Congress on their commitment to the envi-
Some oppose sanctions
Continued from Page 1
"The word Iraq conjures images of
the enemy," Rafeeq said.
Despite her Arab heritage, Heidi
Arraf, president of the University's
American Arab Anti-Discrimination
Committee, said she believes this is not
an issue of politics or heritage.
No matter what one's political view-
point is, "it is a humanitarian issue. We
can't keep turning our backs on it every
day ... innocent people are suffering
unnecessarily," said Arraf, an LSA senior.
"Nothing is worth the killing of even
one human soul," Arraf said.
Randy Bond, a delegate from Voices
in the Wilderness, an organization com-
. mitted to humanitarian relief in Iraq,
spoke about his personal experience in
"I found it hard to look (the Iraqi peo-
ple) in the face and know what my
country has done to their children,"
Bond said. "Five thousand children die
every month as a result of the sanctions
... If we starve them to death, if we kill
them with disease, it doesn't seem to be
Inflation in Iraq's economy since the
Persian Gulf War has risen at such high
rates that government-run agencies are
no longer able to provide adequate ser-
vices to citizens, Bond said.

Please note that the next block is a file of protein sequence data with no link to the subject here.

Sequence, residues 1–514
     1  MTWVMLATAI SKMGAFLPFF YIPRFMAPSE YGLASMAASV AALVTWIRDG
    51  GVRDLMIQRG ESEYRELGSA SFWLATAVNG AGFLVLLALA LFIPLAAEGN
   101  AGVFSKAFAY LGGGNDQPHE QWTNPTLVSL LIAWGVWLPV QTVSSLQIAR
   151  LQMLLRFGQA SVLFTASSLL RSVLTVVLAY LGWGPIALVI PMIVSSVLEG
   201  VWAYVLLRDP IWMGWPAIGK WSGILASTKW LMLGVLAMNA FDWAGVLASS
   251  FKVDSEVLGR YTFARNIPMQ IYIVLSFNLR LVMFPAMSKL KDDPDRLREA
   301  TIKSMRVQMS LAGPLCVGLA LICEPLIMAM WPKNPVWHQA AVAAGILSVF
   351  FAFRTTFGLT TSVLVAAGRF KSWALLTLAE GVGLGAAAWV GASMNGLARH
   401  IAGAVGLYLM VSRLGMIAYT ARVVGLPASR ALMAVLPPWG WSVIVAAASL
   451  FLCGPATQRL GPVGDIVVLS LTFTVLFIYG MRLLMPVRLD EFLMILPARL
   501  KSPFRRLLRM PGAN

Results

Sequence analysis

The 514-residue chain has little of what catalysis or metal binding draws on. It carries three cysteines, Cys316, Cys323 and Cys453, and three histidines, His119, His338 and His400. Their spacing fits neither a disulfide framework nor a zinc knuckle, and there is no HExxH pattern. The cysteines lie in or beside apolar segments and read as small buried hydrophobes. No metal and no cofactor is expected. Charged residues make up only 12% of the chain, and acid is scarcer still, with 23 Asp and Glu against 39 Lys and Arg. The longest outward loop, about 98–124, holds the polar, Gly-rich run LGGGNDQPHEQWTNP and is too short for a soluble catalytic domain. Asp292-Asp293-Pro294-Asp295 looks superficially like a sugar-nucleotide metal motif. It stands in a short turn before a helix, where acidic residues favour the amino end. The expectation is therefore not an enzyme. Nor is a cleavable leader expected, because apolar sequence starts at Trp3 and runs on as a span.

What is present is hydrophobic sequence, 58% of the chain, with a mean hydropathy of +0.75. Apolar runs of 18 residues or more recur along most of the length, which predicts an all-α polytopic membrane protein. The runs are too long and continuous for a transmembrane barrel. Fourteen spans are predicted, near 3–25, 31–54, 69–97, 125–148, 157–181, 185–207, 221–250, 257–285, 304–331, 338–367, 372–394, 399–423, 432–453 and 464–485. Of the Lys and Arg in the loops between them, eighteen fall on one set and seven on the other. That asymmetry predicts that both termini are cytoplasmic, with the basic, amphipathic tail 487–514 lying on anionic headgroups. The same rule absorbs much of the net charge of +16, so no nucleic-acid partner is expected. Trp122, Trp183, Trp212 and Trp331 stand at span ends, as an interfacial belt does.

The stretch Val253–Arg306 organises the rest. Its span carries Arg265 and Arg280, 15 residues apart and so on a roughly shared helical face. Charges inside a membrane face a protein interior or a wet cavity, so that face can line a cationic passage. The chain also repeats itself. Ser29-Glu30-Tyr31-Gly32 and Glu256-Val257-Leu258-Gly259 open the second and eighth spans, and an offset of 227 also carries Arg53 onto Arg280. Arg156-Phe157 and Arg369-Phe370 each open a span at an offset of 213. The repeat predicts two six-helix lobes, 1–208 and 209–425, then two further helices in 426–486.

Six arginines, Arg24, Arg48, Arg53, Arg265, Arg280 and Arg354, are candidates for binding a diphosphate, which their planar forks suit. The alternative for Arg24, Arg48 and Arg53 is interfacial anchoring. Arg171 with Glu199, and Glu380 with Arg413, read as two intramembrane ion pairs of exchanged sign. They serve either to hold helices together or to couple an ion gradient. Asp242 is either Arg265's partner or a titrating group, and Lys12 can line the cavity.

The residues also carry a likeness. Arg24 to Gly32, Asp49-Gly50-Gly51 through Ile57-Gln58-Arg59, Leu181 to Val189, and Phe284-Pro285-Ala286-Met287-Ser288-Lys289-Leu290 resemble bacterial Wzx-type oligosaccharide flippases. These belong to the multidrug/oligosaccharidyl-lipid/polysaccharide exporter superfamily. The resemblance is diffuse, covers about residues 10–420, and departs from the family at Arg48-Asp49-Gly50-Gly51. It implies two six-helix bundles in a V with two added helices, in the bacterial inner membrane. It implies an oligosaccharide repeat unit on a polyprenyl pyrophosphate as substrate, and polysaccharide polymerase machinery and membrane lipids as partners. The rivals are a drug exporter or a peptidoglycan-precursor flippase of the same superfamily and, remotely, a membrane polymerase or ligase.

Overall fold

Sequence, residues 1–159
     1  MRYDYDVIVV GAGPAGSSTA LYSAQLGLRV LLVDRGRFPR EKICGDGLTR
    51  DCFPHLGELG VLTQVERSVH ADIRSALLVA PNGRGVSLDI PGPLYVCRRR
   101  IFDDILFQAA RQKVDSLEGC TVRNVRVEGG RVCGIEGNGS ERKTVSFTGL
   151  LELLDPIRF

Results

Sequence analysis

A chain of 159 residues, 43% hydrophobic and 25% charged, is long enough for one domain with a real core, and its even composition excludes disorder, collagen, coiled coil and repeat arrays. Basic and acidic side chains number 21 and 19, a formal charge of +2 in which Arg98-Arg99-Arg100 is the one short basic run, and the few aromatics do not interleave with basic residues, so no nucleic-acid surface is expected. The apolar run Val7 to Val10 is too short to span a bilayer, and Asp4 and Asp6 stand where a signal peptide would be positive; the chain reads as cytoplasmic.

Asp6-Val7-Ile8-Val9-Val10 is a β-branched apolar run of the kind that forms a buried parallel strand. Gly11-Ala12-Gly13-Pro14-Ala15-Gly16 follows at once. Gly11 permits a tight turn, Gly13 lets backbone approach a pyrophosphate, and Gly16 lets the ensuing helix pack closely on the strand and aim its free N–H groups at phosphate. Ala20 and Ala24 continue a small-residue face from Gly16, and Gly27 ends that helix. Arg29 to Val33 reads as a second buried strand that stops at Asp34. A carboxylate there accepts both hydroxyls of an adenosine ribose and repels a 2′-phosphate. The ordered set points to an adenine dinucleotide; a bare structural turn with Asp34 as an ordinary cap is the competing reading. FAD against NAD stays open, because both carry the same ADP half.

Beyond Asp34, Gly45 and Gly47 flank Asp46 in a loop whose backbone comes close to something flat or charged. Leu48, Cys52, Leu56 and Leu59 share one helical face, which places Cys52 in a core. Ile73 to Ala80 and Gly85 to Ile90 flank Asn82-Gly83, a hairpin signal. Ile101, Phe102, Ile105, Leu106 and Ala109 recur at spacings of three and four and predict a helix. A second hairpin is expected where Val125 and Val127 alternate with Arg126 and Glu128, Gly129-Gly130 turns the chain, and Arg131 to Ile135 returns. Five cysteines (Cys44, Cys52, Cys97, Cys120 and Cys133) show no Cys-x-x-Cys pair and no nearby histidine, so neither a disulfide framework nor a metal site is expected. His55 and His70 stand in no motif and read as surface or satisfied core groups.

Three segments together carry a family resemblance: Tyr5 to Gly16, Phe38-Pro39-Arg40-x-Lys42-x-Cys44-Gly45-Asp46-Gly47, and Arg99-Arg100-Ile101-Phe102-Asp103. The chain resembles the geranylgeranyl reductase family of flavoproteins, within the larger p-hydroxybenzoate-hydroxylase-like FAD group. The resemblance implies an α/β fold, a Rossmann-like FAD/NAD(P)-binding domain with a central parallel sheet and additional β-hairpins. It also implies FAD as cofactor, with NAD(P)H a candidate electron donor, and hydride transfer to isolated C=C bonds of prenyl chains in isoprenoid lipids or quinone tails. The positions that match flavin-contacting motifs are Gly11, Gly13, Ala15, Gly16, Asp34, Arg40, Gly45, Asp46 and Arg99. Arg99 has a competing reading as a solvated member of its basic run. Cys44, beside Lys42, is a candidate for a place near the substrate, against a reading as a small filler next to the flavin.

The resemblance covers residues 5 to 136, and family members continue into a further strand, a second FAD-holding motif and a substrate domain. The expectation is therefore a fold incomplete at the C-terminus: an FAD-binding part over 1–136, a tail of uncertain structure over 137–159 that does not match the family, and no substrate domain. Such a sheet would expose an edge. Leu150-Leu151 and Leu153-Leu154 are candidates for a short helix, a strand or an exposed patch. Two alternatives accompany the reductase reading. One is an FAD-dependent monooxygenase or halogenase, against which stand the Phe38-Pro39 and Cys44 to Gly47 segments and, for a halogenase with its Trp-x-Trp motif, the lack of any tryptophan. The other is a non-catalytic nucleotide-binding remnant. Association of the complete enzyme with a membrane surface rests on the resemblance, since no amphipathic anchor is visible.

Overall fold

Bond said that even Iraqi hospitals
"Cabinets are literally empty, with
only 5-10 percent of necessary sup-
plies," Bond said,
A documentary shown at the teach-in
mirrored Bond's account. University
students wept as disease-stricken chil-
dren flashed across the screen.
"The film was such a graphic por-
trayal, I cried." said LSA senior Kathryn
Sabbeth "It made me realize my ideas
are grounded in something real."
Continued from Page 1
n't really think we would get picked."
To become members of the audience, Silver and Wilson wait-
ed in line for several hours to pick up tickets. Then, they had to
wait in line again to be interviewed by producers of the show.
"The interviews were only about 20 seconds, but one of
the questions was your occupation," Silver said. "I said I
wanted to be a game show host but the University of
Michigan doesn't offer any classes in that."
Contestants are chosen based on their brief interviews, and
after Wilson heard Silver's interview he said he was opti-
mistic about Silver's chances of being picked.
"I think Adam made a great first impression in his inter-
view," Wilson said.
In the first round of play, Silver successfully estimated the
price of a sofa, which is expected to be delivered within days.
The next round was the game "One Away," where Silver
had to guess one number above or one number below each